# How to calculate the prices of option instruments for a new underlying

Can someone with practical experience with implementing and verifying please point me in the right direction. Let's say I have 3 months of data for an underlying. I want to generate theoretical option prices of all the options strikes and expirations. How do I generate the volatility smile across the full set of option strikes and expirations? Let's say I have the historical volatility. Can I use this as the starting poing to generate the volatility surface? Is there any literature on how to do this?

• you need option prices (not underlying) to imply volatilizes. – roz Feb 11 '20 at 15:29

This is a very common real-world task in quantitative finance, because new underlyings or options series pop up frequently.

Single Volatility

At its simplest, a volatility surface can be represented by a single constant parameter, $$\sigma_C$$, which to first approximation can be taken equal to the historical return volatility of your hypothetical underlying $$H$$. With a mere 3 months of daily data, and assuming options near the money, I would put a "safety factor" on $$\sigma_C$$ (positive or negative depending on whether you will be long or short optionality) and stop there. Frankly, even a Bachelier volatility on $$H$$ (rather than returns on $$H$$) would be fine.

Volatility Mapping

Your next best method is to "map" a surface from some economically similar underlying $$U$$ for which options exist. Let's say you get a volatility surface $$\sigma_U(K/U_0, T)$$ for $$U$$. note that I have expressed it in terms of relative strike $$K/U_0$$, the proportion of strike K to current underlying value $$U_0$$. Let's also choose some canonical volatility representative of $$U$$, say

$$\sigma_A := \sigma_U(1, 3/12)$$

From this, your mapping comes from mapping strikes to the same proportions, multiplying the volatility curve by a correcting constant, and adjusting the time parameter

$$\sigma(K/H_0, T) = \sigma_C\frac{\sigma_U(K/H_0, T\frac{\sigma_A^2}{\sigma_C^2})}{\sigma_U(1, T\frac{\sigma_A^2}{\sigma_C^2})}$$

Stochastic Volatility

If you want to get a fancier surface, you will have to choose some kind of favored stochastic model, other than plain Black-Scholes, for the underlying. Any fit of such a model gives you option prices for your choice of tenors and strikes, and those option prices in turn define a volatility surface.

Given that you lack option prices, you would fit by maximum likelihood techniques, as described in Maximum likelihood estimation of stochastic volatility models by Ait-Sahalia and Kimmel. This sort of fit involves forming a power series approximation for each day's data, which in their paper comes from equation 9,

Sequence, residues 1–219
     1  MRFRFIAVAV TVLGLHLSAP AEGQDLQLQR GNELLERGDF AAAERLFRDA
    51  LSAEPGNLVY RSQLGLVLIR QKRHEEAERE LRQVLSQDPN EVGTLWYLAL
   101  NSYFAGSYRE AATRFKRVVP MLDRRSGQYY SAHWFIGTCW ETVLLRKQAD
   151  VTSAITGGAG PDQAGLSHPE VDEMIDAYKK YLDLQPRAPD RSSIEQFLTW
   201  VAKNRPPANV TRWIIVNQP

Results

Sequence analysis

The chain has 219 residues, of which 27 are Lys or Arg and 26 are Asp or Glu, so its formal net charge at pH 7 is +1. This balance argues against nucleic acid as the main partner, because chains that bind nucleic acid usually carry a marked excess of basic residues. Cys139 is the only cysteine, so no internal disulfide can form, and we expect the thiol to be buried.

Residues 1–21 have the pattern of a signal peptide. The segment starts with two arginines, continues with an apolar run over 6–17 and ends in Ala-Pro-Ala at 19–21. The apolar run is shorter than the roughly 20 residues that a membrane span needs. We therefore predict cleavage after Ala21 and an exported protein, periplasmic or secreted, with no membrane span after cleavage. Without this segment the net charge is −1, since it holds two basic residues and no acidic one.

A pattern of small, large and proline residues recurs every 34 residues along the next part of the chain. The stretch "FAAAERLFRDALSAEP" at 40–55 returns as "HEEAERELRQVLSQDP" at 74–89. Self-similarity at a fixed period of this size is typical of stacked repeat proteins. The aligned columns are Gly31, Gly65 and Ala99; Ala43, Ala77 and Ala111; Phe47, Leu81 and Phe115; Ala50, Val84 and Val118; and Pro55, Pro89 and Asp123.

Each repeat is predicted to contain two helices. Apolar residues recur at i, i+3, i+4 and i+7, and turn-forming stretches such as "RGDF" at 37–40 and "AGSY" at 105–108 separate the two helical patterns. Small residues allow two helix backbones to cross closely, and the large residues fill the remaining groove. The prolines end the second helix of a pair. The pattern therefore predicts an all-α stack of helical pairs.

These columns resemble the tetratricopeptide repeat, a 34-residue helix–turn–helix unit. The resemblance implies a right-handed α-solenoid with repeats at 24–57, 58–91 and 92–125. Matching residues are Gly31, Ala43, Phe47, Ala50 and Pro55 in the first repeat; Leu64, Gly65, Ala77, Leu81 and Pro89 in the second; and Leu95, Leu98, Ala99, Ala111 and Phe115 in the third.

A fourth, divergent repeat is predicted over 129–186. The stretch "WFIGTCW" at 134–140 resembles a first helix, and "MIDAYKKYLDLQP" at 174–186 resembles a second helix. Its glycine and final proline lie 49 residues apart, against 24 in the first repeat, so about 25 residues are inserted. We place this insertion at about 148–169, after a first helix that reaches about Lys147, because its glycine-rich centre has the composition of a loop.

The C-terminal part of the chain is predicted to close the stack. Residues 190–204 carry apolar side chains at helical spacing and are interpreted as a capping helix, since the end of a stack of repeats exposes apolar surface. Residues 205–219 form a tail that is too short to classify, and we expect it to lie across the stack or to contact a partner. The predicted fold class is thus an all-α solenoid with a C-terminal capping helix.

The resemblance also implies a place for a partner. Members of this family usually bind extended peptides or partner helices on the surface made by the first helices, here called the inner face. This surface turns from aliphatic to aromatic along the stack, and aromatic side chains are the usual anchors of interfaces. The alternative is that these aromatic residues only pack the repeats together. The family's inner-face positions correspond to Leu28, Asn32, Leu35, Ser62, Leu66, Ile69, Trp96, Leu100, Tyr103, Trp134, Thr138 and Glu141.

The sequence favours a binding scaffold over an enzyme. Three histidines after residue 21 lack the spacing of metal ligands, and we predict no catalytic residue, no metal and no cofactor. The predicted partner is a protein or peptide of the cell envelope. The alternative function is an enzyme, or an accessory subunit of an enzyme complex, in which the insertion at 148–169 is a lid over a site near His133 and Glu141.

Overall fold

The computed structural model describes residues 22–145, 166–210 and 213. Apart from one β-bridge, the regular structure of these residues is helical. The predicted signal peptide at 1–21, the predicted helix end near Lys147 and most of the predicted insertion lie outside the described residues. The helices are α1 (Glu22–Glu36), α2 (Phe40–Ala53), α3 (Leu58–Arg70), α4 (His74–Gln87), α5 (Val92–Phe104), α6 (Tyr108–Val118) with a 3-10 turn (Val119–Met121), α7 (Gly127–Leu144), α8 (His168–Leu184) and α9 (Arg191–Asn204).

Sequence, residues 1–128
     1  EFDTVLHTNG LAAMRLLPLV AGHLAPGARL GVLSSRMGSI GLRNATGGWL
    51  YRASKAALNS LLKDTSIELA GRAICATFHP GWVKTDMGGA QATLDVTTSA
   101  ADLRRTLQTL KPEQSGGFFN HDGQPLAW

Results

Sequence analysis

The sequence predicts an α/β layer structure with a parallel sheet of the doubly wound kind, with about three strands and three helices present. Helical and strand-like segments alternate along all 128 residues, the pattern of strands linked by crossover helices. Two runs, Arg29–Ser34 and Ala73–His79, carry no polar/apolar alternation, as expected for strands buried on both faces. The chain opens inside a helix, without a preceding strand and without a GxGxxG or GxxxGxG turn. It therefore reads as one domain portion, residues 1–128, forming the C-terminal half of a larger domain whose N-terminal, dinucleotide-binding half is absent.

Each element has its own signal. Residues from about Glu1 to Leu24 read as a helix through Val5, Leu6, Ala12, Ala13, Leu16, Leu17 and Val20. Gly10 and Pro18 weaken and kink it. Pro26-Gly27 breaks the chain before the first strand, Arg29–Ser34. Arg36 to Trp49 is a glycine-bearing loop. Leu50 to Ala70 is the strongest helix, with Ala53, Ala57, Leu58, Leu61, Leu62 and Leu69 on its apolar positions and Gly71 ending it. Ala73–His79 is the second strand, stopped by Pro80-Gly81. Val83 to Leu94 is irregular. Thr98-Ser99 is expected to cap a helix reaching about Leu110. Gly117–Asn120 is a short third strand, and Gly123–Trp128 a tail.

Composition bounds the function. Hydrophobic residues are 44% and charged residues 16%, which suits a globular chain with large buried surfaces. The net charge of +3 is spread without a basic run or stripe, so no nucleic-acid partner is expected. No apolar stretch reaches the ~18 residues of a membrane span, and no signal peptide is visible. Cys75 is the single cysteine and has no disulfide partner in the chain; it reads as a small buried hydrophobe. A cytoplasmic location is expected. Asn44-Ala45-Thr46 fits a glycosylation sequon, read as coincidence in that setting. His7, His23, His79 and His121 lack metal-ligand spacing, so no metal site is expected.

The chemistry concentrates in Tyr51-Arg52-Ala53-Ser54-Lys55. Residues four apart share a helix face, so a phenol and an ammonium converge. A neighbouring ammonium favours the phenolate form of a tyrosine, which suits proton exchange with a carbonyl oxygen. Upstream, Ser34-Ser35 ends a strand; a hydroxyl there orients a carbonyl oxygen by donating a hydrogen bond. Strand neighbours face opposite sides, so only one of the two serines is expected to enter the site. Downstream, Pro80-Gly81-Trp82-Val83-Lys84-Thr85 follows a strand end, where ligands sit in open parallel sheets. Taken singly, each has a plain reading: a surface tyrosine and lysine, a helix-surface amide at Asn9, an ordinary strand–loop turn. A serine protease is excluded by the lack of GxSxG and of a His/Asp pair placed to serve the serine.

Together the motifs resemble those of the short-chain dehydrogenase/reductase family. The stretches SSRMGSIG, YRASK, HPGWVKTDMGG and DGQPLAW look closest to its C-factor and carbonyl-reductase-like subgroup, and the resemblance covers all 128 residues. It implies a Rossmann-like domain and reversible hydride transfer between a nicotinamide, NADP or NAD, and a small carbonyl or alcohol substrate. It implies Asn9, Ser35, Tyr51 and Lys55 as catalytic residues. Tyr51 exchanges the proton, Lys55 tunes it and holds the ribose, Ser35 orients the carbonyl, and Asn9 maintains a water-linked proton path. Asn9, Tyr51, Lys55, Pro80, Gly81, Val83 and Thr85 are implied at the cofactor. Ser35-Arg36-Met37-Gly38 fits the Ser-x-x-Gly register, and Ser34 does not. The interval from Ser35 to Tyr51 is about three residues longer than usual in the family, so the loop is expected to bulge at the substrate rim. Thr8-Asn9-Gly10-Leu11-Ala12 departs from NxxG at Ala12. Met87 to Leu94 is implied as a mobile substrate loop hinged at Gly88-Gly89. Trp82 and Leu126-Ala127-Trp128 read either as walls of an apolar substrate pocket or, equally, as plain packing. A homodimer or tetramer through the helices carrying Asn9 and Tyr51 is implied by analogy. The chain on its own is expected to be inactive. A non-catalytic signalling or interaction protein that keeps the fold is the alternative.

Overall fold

$$l_X^{(J)}(\Delta,x|x_0;\theta) = -\frac{m}2 \log(2\pi \Delta) - D_\nu(x;\theta) + \frac{C^{-1}_X(x|x_0;\theta)}{\Delta} + \sum_{k=0}^J C^{(k)}_X(x|x_0;\theta)\frac{\Delta^k}{k!}$$

and then employing a multidimensional optimization algorithm, such as BFGS, to determine the maximum likelihood coefficients.

Using maximum likelihood estimation of stochastic volatility has various practical and theoretical problems, including

• This technique locks you to a picture of stochastic behavior that is probably not realistic, say by ignoring jumps
• Past behavior does not make a good representation of the future
• You need a lot of data, not just a few dozen points, to have a hope of getting low estimation error
• The varvol or "variability of volatility" parameters are latent and always come with large error bars
• This doesn't appear to answer the question ('how to calculate a theoretical option chain') – Chris Feb 11 '20 at 19:37
• Actually, it does answer my question. Thanks to Brian B for taking the time to answer. Brian: Let's say I am using method A in your answer (Single Volatility). From there, is there any literature that shows how to build the vol surface across strikes and expirations? The center would be the ATM strike. I am trying to understand how to establish a realistic volatility surface. – JohnGa Feb 12 '20 at 4:01
• Form that starting point, you will not be estimating stochastic vol parameters so let's ignore part 3. Start by using $\sigma_C$ as your ATM vol. Find some other similar underlying with observable option prices. Convert the option prices of it to implied volatilities, and then copy over the surface shape. – Brian B Feb 12 '20 at 15:45